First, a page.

The Rocketeer

Disney's "The Rocketeer" is turning 30 this year. (COURTESY OF DISNEY)

This year marks the 30th anniversary of the release of Disney’s “The Rocketeer,” one of the many comic book movies to try to capitalize on the tremendous success of Tim Burton’s “Batman.”

After “Batman” made $411.5 million (and that’s 1989 dollars) for Warner Bros., competing studios tried to replicate the formula.

Burton’s “Batman” had a contemporary setting and pulled inspiration from the reimagined version of Batman that was largely shaped by Frank Miller, but the aesthetics borrowed heavily from early 1940s Batman comics. Burton’s own fascination with Gothic imagery and German expressions fueled many of these design choices.

Because of this, other studios looked for other comic book and comic strip characters created in or set during the 1930s and 1940s era. This includes “Dick Tracy” (1990), “The Shadow” (1994) and “The Phantom” (1996).

Even the modern-day “Darkman” (1990) was an original character created by director Sam Raimi when he was unable to secure the rights to “The Shadow” (Russell Mulcahy would eventually bring the character to the screen). Raimi would later go onto help shepherd in the current era of superhero films with his “Spider-Man” trilogy.

In the middle of all this is “The Rocketeer.” Created by Dave Stevens in 1982, the character was a homage to adventure serials from the 1930s through the 1950s. The design of the hero, who flies via a jetpack, was even patterned after the Rocket Man serials that debuted in 1949. This means the Rocketeer has more in common with Indiana Jones, another character paying tribute to film serials, than Batman.

Like “Raiders of the Lost Ark,” “The Rocketeer” is set in the late 1930s on the eve of World War II. But while Cliff Secord (Billy Campbell), the man who becomes the Rocketeer, isn’t a brooding millionaire crimefighter, he also isn’t a rugged adventurer.

Instead he is a test pilot who finds a jetpack in a hangar and tries it on. He and his partner Peevy (Alan Arkin) consider using it to make a few bucks, but quickly become embroiled in a plot involving gangsters and Nazis. He becomes a reluctant hero who rises to the occasion to save his girl Jenny (Jennifer Connolly). In this regard, the film is charmingly old fashioned.

The film was directed by Joe Johnston. Twenty years later, Johnston would direct the Marvel Cinematic Universe’s “Captain America: First Avenger,” another World War II era-set comic-book adventure. In many respects, “The Rocketeer” was a dry run for that film.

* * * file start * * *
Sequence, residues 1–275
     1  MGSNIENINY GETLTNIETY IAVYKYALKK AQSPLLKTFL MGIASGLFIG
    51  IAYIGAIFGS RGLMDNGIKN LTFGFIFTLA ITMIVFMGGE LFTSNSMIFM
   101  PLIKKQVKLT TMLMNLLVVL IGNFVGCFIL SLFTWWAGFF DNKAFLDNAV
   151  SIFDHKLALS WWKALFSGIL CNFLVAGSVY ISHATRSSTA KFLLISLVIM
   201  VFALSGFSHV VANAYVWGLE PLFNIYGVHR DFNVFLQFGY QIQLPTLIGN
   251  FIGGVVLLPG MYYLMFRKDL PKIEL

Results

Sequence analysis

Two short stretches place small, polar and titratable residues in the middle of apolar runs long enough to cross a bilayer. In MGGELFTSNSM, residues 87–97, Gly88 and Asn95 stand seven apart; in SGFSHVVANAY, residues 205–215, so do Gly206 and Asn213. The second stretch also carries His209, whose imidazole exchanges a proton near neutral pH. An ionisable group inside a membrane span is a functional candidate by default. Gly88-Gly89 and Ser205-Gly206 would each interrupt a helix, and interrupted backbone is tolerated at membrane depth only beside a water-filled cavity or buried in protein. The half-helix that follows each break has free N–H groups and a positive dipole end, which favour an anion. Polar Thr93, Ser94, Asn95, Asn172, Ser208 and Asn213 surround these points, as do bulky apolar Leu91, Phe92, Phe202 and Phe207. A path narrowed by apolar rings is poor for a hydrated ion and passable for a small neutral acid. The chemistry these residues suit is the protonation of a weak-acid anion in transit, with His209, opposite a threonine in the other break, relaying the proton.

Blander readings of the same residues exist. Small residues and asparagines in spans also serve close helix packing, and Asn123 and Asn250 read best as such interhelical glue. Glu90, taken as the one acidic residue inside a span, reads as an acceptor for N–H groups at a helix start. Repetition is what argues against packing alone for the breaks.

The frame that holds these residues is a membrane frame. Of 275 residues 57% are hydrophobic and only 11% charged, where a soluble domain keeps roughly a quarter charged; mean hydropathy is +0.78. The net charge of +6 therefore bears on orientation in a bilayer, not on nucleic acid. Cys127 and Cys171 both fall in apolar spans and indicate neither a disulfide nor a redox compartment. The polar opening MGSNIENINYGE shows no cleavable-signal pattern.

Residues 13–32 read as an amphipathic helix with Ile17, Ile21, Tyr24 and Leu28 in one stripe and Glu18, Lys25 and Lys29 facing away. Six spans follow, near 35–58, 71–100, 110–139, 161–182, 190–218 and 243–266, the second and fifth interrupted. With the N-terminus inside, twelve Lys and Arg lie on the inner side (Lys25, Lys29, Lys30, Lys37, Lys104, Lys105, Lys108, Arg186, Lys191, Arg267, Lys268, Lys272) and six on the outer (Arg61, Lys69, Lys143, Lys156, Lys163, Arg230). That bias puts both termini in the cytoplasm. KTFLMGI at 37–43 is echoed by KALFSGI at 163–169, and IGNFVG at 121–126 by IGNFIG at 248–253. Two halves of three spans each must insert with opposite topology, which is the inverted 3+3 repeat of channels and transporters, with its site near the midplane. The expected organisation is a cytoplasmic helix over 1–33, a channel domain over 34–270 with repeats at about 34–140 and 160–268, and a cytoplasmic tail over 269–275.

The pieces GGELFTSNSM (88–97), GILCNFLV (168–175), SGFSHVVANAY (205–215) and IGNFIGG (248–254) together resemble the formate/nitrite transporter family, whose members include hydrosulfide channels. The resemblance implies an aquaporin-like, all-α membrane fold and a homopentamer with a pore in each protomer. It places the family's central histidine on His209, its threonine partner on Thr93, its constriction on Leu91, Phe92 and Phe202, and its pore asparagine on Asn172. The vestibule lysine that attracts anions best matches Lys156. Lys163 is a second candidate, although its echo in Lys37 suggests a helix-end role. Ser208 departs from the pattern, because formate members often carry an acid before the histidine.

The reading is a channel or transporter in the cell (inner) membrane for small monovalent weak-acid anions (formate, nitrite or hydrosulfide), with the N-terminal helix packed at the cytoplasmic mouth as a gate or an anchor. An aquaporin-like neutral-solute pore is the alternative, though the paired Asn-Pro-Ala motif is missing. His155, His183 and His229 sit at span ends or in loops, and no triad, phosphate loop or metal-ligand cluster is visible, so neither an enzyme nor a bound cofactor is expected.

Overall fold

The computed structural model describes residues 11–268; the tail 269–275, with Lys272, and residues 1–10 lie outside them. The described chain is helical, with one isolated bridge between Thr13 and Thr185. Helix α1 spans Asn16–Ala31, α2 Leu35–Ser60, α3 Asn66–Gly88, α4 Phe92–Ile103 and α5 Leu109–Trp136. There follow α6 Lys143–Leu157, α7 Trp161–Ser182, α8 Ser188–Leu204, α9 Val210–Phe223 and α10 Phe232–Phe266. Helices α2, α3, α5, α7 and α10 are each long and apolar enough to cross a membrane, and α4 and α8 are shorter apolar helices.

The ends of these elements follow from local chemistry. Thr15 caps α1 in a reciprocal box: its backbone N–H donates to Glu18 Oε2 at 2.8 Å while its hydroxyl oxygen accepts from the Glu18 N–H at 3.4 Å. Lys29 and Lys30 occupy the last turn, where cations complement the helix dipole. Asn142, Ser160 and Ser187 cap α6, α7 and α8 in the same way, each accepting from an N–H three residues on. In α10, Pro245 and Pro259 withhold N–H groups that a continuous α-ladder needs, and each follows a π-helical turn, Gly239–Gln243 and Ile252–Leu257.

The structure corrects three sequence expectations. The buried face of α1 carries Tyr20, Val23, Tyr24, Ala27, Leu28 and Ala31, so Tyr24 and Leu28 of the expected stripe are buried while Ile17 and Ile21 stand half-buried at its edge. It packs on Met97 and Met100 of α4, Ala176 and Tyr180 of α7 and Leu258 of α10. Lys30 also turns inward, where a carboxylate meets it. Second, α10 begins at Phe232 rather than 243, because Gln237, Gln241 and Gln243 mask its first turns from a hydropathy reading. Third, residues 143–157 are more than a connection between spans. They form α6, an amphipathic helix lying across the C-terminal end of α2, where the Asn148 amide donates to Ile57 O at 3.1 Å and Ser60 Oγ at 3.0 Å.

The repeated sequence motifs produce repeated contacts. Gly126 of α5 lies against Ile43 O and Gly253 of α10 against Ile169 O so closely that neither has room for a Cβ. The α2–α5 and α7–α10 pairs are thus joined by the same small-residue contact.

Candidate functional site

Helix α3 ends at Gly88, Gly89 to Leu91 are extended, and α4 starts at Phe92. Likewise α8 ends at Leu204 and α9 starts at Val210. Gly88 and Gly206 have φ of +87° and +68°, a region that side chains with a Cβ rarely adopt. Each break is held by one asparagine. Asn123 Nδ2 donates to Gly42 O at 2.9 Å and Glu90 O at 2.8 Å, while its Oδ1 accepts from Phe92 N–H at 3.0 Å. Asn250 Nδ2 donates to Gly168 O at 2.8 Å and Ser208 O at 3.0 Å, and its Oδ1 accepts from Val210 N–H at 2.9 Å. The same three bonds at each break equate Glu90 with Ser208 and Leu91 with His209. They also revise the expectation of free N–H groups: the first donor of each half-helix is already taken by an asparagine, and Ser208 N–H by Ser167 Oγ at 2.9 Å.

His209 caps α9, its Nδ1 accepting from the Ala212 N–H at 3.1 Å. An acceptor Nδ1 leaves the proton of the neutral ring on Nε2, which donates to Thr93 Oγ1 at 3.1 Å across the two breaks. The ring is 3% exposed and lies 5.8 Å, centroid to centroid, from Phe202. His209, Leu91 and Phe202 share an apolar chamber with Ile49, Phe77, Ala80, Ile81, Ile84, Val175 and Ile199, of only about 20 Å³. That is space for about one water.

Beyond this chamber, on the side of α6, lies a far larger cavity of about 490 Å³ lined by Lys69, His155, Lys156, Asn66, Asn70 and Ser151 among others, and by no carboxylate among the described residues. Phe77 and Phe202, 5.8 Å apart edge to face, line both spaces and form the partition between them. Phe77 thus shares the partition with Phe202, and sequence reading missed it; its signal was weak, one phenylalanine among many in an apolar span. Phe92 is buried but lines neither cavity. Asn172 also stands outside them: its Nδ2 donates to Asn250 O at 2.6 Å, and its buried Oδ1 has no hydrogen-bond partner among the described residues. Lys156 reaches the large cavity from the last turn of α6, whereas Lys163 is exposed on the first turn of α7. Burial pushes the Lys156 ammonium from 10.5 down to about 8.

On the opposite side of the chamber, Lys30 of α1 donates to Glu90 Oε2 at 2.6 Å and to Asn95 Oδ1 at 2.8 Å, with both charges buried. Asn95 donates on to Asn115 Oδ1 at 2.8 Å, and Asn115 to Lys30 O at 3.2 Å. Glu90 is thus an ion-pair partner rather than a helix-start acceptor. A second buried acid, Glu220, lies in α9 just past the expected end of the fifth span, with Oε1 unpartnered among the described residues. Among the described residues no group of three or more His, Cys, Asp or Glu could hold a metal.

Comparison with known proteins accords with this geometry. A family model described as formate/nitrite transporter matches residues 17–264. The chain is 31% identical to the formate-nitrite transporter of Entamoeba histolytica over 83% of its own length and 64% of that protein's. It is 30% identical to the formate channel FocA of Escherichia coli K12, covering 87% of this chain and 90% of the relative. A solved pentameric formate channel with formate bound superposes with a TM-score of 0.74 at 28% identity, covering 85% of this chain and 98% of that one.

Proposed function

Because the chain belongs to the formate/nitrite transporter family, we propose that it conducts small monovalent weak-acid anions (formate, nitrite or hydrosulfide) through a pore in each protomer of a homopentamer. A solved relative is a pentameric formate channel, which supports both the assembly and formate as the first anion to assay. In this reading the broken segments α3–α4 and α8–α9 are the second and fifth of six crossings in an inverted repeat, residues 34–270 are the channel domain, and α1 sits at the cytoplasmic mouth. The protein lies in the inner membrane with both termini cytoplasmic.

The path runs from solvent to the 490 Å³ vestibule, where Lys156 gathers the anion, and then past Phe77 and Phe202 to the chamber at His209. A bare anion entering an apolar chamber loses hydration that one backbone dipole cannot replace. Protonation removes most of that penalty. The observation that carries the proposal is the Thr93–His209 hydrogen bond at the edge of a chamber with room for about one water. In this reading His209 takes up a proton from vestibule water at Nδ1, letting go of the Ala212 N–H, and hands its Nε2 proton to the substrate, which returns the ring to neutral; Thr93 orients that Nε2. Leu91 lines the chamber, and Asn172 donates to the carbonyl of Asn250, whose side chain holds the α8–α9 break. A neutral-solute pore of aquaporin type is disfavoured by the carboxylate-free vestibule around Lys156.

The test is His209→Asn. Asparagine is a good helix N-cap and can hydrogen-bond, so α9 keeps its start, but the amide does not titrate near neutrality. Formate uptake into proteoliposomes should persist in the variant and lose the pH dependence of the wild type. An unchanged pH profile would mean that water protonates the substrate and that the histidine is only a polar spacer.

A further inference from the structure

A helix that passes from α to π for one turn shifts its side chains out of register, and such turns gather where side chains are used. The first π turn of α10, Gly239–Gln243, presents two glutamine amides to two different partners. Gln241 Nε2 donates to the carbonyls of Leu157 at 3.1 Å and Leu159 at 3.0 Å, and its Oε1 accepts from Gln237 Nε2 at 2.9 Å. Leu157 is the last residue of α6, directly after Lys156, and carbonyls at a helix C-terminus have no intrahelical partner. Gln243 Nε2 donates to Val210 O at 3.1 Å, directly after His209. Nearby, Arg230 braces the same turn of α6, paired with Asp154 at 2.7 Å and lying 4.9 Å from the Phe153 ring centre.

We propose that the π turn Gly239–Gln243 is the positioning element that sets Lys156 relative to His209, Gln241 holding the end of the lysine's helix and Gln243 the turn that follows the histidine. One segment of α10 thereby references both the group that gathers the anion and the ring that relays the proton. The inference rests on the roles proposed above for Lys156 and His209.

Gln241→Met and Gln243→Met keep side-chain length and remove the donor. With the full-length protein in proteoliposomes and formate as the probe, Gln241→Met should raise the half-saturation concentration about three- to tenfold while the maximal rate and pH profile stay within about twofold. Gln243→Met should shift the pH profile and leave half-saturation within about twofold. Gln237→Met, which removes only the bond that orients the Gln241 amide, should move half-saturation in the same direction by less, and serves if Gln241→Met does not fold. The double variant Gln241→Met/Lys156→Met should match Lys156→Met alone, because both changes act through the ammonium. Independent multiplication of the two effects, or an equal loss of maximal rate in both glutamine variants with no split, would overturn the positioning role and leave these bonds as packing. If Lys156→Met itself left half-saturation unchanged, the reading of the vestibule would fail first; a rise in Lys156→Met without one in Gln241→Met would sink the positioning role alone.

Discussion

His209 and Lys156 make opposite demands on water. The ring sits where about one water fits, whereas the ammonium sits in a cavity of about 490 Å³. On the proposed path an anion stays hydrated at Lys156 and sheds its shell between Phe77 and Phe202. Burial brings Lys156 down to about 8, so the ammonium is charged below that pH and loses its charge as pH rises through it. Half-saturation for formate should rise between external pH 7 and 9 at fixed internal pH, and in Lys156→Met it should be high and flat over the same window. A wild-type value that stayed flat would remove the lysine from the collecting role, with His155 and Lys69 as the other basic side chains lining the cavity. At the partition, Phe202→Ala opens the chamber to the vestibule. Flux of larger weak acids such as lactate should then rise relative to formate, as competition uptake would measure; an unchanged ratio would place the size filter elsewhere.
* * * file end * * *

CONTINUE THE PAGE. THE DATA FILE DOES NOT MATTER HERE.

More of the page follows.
Released a year after “Dick Tracy,” Disney’s first attempt at a comic book hit, “The Rocketeer” does borrow some of the tone of that film. “Dick Tracy” was highly stylized and actively attempted to emulate the style of a comic panel. Director Warren Beatty even limited himself to seven bold colors. The villains, including Al Pacino’s "Big Boy" Caprice were buried under piles of exaggerated makeup and prosthetics.

Even though “The Rocketeer” is not nearly as stylized and more emulates the look and feel of the films of the 1940s, one of heavily made-up “Dick Tracy”-style henchmen makes an appearance in “The Rocketeer.” Both films also have heroes that are sort of bland but are surrounded by characters that are more colorful.

This includes Timothy Dalton as the villain Neville Sinclair, an actor patterned after swashbuckling star Errol Flynn. Sinclair is a Nazi spy, a clever nod to rumors about Flynn, who is trying to get a hold of the jetpack.

The juxtaposition of Sinclair’s film heroism with his villainy in reality is a fun inversion of expectations that is further accentuated by the casting of Dalton. Released two years after Dalton’s second and final appearance as James Bond, he is clearly having fun playing a Bond-style villain.

In addition to Dalton’s fun villain turn, there’s also Paul Sorvino as a mobster and a brief, but memorable appearance by Terry O’Quinn as Howard Hughes, the creator of the rocket. The “Rocketeer” is also evidence that Arkin has been playing lovably cantankerous old kooks for 30 years. He’s wonderful in the film and his wry delivery helps give the film a light sense of humor.

Connolly’s role isn’t much more than a damsel in distress but it was one of her first post-”Labyrinth” roles to truly show off her starpower. The script by Danny Bilson, Paul De Meo and William Dear does give the character her own agency. Connolly has a great moment in which she outwits Dalton’s Sinclair by playing into his ego.

Campbell could’ve become a star, at least a B-list one, but unfortunately “Rocketeer” was a box office dud and, as he was the face of the movie, he likely unfairly shouldered a lot of the blame for that. He takes a generic character and makes him likable purely based on his easy-going charisma.

“The Rocketeer” was already a throwback in 1991. In 2021, after 30 years of increasingly more bombastic superhero films, its more modest ambitions are even more quaint, but the film has its own breezy charms and the fly effects hold up remarkably well. It’s a shame that the film didn’t get the follow-up it deserved.

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